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I'm Jane Pauley, and this is a special edition of Sunday Morning, a Sunday morning by design. We're in Santa Barbara, a California town that's come to be known as the American Riviera. And this magnificent estate we're calling home is named El Faredes, or Tropical Paradise, and it truly is that.
It's cozy by today's mega mansion standards, a mere 10,000 square feet, situated on 10 acres, surrounded by lush gardens and towering palms, all in the shadow of the Santa Ynez Mountains. A century ago, when this home was built, life was simpler. No laptops, smartphones, or internet. Now all that tech tracks our every move and monitors every heartbeat.
A mixed blessing, to be sure. But as David Pogue discovers, more and more of us see all this high tech as highly convenient. Fitness trackers have come a long way since they just counted steps. We can pick up people's illness at or before symptoms from a simple smartwatch. We're 98% accurate in detecting atrial fibrillation, 99% accurate in detecting sinus rhythm. Has this feature saved any lives? Almost every day. Later on Sunday morning, the new world of disease detection on your wrist.
Save room for seconds. Serena Altschul tells us about one of the hottest fashion trends around. In the world of fashion, one of the newest trends is old. Old clothes, that is. It's a badge of honor. It is a badge of honor now to be wearing secondhand. The awareness of sustainability is growing.
Stylish secondhand shopping later on Sunday morning. Santa Barbara is considered one of the best surf spots in the country. I had this morning, Tracy Smith says surf's up. Ask any surfer the right board can mean the difference between a bitch and barrel ride or getting worked. Each board has its own characteristics. It's like snowflakes, no two are alike. I agree. They're being shaped.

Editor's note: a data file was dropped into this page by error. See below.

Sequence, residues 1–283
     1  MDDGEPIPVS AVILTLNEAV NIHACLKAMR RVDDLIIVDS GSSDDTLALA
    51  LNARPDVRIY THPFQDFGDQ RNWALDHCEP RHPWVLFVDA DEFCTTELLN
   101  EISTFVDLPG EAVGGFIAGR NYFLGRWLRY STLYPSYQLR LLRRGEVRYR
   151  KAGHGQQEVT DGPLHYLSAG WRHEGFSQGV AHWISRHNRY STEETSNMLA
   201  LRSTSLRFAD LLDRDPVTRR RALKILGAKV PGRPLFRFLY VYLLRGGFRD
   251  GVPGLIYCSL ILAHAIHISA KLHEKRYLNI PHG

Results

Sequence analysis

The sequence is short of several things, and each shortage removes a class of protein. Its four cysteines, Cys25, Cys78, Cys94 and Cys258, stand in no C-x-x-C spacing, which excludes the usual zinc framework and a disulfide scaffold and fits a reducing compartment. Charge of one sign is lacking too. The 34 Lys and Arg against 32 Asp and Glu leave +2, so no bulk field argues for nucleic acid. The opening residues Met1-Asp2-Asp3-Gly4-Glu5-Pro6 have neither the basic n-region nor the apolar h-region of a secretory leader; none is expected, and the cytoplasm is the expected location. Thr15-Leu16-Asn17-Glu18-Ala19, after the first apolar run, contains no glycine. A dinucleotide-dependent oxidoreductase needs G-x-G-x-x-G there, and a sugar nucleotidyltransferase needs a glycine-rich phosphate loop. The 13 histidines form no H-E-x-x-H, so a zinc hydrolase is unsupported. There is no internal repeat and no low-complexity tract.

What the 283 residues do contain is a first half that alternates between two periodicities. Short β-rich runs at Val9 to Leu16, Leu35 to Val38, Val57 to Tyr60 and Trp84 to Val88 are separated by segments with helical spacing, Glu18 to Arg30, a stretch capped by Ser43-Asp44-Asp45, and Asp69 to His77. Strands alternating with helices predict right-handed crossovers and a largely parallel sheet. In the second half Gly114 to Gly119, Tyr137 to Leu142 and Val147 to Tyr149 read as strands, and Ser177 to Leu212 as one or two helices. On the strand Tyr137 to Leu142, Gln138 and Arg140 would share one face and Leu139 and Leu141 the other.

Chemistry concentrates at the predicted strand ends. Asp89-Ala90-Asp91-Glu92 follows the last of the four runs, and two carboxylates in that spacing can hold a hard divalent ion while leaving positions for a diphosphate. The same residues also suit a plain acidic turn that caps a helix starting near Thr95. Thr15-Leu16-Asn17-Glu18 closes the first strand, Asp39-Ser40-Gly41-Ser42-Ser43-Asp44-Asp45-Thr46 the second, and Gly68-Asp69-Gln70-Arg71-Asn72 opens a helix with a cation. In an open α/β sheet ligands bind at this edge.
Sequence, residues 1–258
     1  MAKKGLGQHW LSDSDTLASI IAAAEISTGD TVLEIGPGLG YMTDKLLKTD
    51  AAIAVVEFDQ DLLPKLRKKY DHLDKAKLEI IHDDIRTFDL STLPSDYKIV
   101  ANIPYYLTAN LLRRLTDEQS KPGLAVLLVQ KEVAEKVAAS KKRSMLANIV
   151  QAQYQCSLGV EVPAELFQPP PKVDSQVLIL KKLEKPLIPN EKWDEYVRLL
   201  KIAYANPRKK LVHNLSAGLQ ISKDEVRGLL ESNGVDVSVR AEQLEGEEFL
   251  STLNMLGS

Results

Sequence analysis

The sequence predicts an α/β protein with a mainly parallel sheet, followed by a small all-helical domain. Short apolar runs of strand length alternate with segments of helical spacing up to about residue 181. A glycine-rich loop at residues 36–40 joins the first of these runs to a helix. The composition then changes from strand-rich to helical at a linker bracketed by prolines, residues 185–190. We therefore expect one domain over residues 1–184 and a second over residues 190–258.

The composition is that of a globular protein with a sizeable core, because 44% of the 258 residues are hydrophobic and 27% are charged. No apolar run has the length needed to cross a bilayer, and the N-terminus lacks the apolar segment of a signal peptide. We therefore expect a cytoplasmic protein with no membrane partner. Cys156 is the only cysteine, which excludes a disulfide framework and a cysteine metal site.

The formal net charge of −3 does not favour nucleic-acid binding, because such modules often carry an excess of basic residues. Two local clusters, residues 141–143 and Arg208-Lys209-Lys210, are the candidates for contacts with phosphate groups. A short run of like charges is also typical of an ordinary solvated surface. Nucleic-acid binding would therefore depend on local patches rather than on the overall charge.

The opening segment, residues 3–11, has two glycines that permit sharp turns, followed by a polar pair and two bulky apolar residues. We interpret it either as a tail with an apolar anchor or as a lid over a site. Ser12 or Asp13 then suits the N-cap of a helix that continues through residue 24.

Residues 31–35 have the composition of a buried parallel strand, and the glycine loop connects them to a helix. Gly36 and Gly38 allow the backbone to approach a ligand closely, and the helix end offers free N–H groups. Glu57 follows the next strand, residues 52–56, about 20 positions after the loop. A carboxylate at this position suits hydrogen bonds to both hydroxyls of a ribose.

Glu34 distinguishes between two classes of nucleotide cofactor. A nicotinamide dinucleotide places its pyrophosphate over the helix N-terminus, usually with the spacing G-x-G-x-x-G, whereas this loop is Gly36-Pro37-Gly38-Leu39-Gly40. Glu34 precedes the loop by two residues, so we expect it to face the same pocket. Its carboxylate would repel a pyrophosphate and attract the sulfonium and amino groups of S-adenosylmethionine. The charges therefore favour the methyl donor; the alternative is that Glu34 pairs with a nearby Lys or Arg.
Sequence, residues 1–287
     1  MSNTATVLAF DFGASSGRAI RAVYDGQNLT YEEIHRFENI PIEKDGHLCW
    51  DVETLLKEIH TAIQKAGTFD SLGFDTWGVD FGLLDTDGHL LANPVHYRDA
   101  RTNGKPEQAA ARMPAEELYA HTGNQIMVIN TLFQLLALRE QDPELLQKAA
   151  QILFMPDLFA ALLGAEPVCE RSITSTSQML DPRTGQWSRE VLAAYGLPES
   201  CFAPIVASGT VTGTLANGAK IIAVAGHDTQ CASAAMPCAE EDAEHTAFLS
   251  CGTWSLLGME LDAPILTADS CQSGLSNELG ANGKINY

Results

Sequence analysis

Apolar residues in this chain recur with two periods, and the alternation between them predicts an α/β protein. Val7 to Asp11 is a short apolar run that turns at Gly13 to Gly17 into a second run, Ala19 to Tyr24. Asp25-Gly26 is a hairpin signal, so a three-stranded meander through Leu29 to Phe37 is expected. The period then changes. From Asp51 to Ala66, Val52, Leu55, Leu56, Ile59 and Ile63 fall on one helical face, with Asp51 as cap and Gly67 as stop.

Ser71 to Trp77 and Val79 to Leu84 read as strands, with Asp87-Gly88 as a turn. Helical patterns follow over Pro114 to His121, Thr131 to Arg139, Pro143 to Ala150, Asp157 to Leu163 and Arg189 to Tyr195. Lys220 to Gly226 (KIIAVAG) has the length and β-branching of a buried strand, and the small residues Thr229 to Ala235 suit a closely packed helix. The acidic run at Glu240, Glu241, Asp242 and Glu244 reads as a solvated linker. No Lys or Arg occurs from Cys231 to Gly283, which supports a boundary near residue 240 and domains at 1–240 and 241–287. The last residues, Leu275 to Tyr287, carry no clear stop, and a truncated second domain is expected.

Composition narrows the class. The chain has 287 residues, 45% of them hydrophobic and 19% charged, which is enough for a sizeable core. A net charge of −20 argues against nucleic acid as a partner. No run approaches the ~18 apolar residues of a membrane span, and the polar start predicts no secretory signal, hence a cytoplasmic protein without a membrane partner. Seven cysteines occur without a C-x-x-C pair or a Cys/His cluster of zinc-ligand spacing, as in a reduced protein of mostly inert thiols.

Yeah, it's a good analogy. And we are totally stoked to show you the sickest steps coming up on Sunday morning. We'll have those stories and more on this Sunday morning by design.
And we'll be back in a moment. Nestled in the Montecito Hills above Santa Barbara, Alferatus is an oasis of Tranquility, equality and class. Designed by famed architect Bertram Goodhue for New York real estate tycoon James Waldron Gillespie, the home was completed in 1906. Gillespie fell in love with the 10-acre property because the climate reminded him of the Mediterranean Sea. The Mediterranean inspired the design, too, with Roman, Middle Eastern and European influences all around. Lights with Swarovski crystals are a recent addition, alongside custom furniture replicating originals seen in Buckingham Palace.
Outside, the lush landscape features more than 100 different types of trees, including one of Montecito's largest fig trees. A perfect setting, no doubt, for the silver screen as Al Pacino's Florida mansion in the 1983 gangster film, Scarface. Other familiar faces, Albert Einstein, Winston Churchill and John F. Kennedy have all paid visits to Alferatus.